Hello and happy winter!
My apologies for my absence these past few months. Put plainly, I was busy with projects. I had also stumbled upon a very odd and unfamiliar point in my life. And it was that which drove me to write something such as this. Originally it was for a writing competition, but my schedule misled me and it was never entered. And so it remained in my possession for many months, unedited and unloved. Though I sat long in front of my computer this week, quite unsure at its meaning, I felt it only fair to share its truest version: as untouched as possible.
I am hopeful that the work on my book will come to a close this year, as early mornings spent rewriting material can wear the mind thin. But I’ve found that happiness comes in unusual ways, and I can’t imagine a life any better than the one I have now.
Wishing you all a wonderful end to 2015 and an even better start to the next!
“A bad thing has happened here,” Samuel sighed.
Oh, he who once was sightless, unencumbered by this land I knew. Now he spoke with candor; small puffs of white air made it so. And what truth it was, cajoling and soothing altogether, so much so that I felt the need to reach out for the lapel of his jacket.
“That it has,” I said, breathing timidly, my fingers moving every which way but to the creases below his collar.
Indeed, it was the residue of some tragedy long ago; a tragedy that soaked moisture from the soil and rusted the plow. The goats and sheep lived but only a month or so before contracting odd illnesses. Clouds of thick dust settled over the pastures and choked the birds. What was to be green was brown, and large swarms of beetles came and picked about the rotten parts.
In the beginning, I believed Samuel and I might still find a way to thrive. A new fence here. A tiny garden there. I thought it best to live on in ignorance, and see small tragedies as that they were: small. But such things came to pass that what came from the land died by the land. The fences turned inward and the gardens gave way, and it became clear that Samuel did not have in him the same fight as I.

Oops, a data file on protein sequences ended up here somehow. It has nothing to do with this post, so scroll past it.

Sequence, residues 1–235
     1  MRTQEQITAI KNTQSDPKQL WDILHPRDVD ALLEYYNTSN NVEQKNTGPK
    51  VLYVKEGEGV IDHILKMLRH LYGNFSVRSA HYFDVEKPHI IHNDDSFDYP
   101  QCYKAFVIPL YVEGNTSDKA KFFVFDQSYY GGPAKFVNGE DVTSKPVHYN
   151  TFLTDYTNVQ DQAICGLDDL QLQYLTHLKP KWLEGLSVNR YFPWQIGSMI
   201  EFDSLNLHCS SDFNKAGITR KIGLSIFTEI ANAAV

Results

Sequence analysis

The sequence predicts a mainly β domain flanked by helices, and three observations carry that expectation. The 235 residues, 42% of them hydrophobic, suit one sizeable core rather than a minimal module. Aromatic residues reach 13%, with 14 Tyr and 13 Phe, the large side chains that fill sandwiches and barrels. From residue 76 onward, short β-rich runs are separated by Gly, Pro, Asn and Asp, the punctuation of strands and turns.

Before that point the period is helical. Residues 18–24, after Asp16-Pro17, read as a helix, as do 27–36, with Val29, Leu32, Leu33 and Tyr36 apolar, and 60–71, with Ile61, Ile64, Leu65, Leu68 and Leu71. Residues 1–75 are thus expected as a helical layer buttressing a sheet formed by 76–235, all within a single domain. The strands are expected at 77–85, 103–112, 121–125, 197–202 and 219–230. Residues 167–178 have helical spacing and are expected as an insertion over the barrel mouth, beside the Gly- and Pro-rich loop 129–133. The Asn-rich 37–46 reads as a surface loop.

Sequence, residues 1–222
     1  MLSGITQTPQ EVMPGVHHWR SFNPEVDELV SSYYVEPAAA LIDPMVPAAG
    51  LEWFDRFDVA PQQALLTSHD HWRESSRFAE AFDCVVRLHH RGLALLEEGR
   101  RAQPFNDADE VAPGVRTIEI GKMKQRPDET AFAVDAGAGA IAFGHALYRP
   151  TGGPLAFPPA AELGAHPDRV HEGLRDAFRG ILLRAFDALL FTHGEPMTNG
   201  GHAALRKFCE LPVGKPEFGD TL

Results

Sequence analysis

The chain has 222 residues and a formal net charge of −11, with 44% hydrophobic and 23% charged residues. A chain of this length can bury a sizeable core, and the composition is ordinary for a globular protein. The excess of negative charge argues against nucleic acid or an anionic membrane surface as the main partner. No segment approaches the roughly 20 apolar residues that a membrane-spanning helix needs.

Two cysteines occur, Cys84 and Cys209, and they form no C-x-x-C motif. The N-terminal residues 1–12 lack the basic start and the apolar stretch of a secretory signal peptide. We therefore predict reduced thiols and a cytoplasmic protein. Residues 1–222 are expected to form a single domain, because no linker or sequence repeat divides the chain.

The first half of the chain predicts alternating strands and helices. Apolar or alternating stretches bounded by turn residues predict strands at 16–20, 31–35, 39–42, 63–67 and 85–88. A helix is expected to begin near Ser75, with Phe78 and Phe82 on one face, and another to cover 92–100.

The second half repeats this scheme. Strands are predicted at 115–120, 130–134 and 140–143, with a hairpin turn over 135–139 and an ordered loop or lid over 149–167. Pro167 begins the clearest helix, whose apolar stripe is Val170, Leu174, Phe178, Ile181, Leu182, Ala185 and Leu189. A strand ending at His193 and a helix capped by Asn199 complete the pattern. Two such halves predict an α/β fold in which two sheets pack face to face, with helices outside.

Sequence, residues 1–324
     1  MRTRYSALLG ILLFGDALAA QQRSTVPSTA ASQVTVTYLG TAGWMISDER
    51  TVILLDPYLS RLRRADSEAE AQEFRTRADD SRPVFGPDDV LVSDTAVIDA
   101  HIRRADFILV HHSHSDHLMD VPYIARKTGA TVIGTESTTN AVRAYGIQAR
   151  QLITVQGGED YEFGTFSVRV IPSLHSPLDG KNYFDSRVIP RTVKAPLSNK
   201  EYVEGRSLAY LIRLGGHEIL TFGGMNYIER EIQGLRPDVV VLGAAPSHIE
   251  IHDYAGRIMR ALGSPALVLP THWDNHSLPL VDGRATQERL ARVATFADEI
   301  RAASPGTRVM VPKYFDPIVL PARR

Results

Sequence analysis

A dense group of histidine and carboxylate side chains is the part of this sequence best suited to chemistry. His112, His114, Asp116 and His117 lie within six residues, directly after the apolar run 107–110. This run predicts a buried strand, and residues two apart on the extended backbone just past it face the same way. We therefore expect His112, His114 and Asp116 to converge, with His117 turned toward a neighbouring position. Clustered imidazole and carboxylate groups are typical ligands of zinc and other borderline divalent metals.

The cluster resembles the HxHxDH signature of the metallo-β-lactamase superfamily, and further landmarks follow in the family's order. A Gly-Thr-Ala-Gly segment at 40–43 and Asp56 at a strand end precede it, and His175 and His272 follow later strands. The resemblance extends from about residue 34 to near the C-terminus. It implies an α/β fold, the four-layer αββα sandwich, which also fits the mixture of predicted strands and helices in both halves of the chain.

I paused to look out into the nothingness, remembering those unhappy times. Stable doors left ajar knocked hard against their latches. Little bits of paint fell from the wood and clung to the poplars nearby. Down into the valley my mind wandered, where I could see the spaces left untouched by the sun. And down even deeper into the fields, where I might feel the elbows of ghosts as they brushed by. Yet so diffident were we that neither one dared to drive them from our machines, but only settled to watch them closely from over our shoulders. For be it known this was their home, and we could all watch the earth sink before us.
As the wind picked up, I could hear the hollow place inside me whistle. I pulled my hands into the sleeves of my sweater and watched Samuel turn away from me. For the moments we stood so still, we were now separate. Where once I was concerted and precise, I was now fumbling and tender. Oh, how extraordinary it was to be so afraid.
“I think,” said I, “that I should live this way forever.”
And live on, I would. And forever, I might, in this hub of endless endings. This vacuum of long and angry emptiness. For the last shreds of red raged across the sky, and dusk came strangely about. No stone unturned. No night unknown. And though it was the stuff of evil, I was the sum of all things.
Finally could I close my eyes and hold so fast to myself, and watch small bits of us as they went flying out into the universe. And could be, for just the briefest of moments, like stars.